Piling into a corner sees body roll initially well resisted, but can build through fast roundabouts as you progress along its radius.  On a country road, however, the Civic corners with surprisingly alacrity.

Overtaking slower-moving traffic is a joy, and the new engine’s torque reserves mean a simple flex of your right ankle is usually enough to dispense with most obstacles.  But, given an excuse to sample that gearshift action, you might as well swap in a new ratio just for fun.

The 0-62mph figure of 10.5 seconds seems curiously slow, given how responsive the Civic feels in real life, and this is likely the result of gear ratio choices made for efficiency reasons.  When giving it the beans, first gear is good for nearly 25mph, with only a brief stay in second gear before an extended trip to the world of third gear.  The Civic is one of those cars that proves how oft-quoted performance figures are not necessarily indicative of real-world flexibility.

Add in the well balanced electric power steering, and the new diesel Civic becomes a willing companion on any journey.

It’s a comfortable place to be for any length of time, with an appealingly chunky steering wheel and a cabin design that cocoons you.  The instruments feel a little Star Trek on first acquaintance but in practice are clear and well positioned.

There’s an excellent degree of adjustability for both seats and steering wheel, and plenty of headroom, too (I’m 6ft4), the only minor gripe for tall drivers being the hard plastic on the door that can interfere with your right knee on long journeys.

It’s practical, too, thanks to Honda’s famous Magic Seats.  Fold the rear seat backs forward, and the seat base dives down to create a completely flat load floor.  Alternatively, the seat bases can be folded up to allow tall loads to be carried in the cabin.

In the boot, there’s 401 litres of space with the seats in place, but with an additional 76 litres in a handy under-floor storage compartment.

Clever touches are everywhere: clips to hold the rear seatbelts out of the way to make folding the seats easier, a hook on the bottom of the rear parcel shelf to hold the boot’s under-floor compartment open, and special cubby holes in the boot sides to hold the now ubiquitous air compressor and can of tyre gunk.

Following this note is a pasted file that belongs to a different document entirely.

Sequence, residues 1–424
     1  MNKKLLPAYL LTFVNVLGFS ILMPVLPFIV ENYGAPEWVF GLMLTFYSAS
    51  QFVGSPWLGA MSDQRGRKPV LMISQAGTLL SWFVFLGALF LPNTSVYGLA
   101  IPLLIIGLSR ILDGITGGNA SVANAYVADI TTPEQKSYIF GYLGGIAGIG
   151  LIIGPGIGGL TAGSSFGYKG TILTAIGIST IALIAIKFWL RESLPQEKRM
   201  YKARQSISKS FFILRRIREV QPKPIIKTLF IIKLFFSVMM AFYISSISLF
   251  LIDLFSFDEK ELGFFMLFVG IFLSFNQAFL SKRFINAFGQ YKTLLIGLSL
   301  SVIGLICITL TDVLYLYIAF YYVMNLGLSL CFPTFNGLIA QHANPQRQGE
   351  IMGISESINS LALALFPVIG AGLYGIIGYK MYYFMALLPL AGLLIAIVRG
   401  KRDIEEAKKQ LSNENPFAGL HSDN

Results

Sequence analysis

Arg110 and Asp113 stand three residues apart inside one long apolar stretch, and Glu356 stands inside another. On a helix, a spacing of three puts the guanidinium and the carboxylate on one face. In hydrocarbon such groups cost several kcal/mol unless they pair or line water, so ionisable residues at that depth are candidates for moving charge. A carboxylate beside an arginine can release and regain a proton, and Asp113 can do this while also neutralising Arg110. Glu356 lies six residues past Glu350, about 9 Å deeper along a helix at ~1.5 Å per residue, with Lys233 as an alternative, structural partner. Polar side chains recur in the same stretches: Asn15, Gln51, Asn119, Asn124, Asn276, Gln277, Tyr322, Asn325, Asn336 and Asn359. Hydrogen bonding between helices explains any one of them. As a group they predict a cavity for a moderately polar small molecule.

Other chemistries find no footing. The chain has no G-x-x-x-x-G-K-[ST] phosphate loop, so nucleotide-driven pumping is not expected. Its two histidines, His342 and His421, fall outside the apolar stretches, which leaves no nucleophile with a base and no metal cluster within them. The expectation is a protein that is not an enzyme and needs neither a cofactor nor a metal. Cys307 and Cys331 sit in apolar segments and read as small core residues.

That these touches exist show that Honda have devoted considerable time and effort to tuning and honing the Civic into the package it is today.  That’s a continuing process, and we note the recent announcement of a series of revisions for the 2014 Honda Civic includes reference to a further tweak of the suspension that may resolve our observed lateral pitching.  The addition of a little extra sound proofing would make finding fault with the Civic an extremely difficult job.

With the Civic range starting at £16,995, some may suggest that the 1.6 i-DTEC’s £19,575 is a premium too far.  We’d counter that by pointing out that even the base SE grade is well equipped, with alloy wheels, remote locking, all-round electric windows, and climate control as standard.

Move up the range and the ES grade adds dual-zone climate control, parking camera, front fog lights, cruise control, automatic headlights and wipers and Bluetooth connectivity for £20,780.  Make the jump to £23,585 for an EX and it’ll include leather upholstery, heated front seats, premium audio system, front and rear parking sensors and satellite navigation, while the range-topping EX GT throws in 17-inch alloy wheels, keyless entry, HID headlights, panoramic glass roof, privacy glass and auto-dimming rear-view mirror.

Honda is famous for its VTEC-equipped petrol engines, and there are two – a 1.4 and a 1.8 – still available in the Civic range.  What’s remarkable is that we’d discount both of those, and would instead steer potential Civic buyers to either of the i-DTEC diesel units.

Given that the 1.6 loses little to its big brother but gains plenty, it’s our pick of the range.

No mean feat for a company that, until recently, didn’t ‘do’ diesel.

Base Price £19,400 Price as tested £19,400
Engine 4-cylinder turbodiesel, 1597cc Transmission Six-speed manual
Power 120ps @ 4,000rpm Torque 300Nm @ 2,000rpm
0-62mph 10.5 secs Top speed 129 mph
Economy 78.5 mpg CO2 94 g/km
Dimensions 4300 x 2065 x 1470 (LWH) Kerb Weight 1428 kg